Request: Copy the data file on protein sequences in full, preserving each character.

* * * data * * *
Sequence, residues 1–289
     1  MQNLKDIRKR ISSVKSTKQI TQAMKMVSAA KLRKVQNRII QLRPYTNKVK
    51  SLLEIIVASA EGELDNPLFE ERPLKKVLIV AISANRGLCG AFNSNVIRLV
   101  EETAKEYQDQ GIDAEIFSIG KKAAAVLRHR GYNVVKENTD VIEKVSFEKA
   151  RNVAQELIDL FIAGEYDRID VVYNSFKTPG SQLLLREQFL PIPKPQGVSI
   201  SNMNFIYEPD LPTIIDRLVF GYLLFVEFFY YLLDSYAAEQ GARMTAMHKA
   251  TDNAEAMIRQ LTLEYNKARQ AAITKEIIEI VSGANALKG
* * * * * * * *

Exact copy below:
Sequence, residues 1–289
     1  MQNLKDIRKR ISSVKSTKQI TQAMKMVSAA KLRKVQNRII QLRPYTNKVK
    51  SLLEIIVASA EGELDNPLFE ERPLKKVLIV AISANRGLCG AFNSNVIRLV
   101  EETAKEYQDQ GIDAEIFSIG KKAAAVLRHR GYNVVKENTD VIEKVSFEKA
   151  RNVAQELIDL FIAGEYDRID VVYNSFKTPG SQLLLREQFL PIPKPQGVSI
   201  SNMNFIYEPD LPTIIDRLVF GYLLFVEFFY YLLDSYAAEQ GARMTAMHKA
   251  TDNAEAMIRQ LTLEYNKARQ AAITKEIIEI VSGANALKG